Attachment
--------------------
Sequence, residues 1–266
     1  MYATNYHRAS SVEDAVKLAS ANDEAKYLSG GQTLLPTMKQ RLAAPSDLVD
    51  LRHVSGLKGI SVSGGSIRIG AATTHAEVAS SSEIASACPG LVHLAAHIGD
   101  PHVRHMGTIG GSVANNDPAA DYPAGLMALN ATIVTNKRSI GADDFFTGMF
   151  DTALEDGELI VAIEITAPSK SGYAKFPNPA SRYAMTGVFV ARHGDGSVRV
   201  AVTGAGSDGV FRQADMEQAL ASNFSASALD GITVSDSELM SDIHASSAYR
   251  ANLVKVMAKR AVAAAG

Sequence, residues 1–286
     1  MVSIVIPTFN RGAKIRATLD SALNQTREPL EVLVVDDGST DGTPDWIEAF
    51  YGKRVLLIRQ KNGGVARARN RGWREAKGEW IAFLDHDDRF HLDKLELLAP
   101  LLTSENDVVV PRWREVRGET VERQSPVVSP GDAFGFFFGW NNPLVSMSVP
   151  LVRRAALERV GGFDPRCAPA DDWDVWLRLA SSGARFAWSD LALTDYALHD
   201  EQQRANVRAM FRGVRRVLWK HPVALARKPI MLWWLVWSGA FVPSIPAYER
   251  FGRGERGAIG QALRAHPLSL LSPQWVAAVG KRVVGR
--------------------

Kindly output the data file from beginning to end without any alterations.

Sequence, residues 1–266
     1  MYATNYHRAS SVEDAVKLAS ANDEAKYLSG GQTLLPTMKQ RLAAPSDLVD
    51  LRHVSGLKGI SVSGGSIRIG AATTHAEVAS SSEIASACPG LVHLAAHIGD
   101  PHVRHMGTIG GSVANNDPAA DYPAGLMALN ATIVTNKRSI GADDFFTGMF
   151  DTALEDGELI VAIEITAPSK SGYAKFPNPA SRYAMTGVFV ARHGDGSVRV
   201  AVTGAGSDGV FRQADMEQAL ASNFSASALD GITVSDSELM SDIHASSAYR
   251  ANLVKVMAKR AVAAAG

Sequence, residues 1–286
     1  MVSIVIPTFN RGAKIRATLD SALNQTREPL EVLVVDDGST DGTPDWIEAF
    51  YGKRVLLIRQ KNGGVARARN RGWREAKGEW IAFLDHDDRF HLDKLELLAP
   101  LLTSENDVVV PRWREVRGET VERQSPVVSP GDAFGFFFGW NNPLVSMSVP
   151  LVRRAALERV GGFDPRCAPA DDWDVWLRLA SSGARFAWSD LALTDYALHD
   201  EQQRANVRAM FRGVRRVLWK HPVALARKPI MLWWLVWSGA FVPSIPAYER
   251  FGRGERGAIG QALRAHPLSL LSPQWVAAVG KRVVGR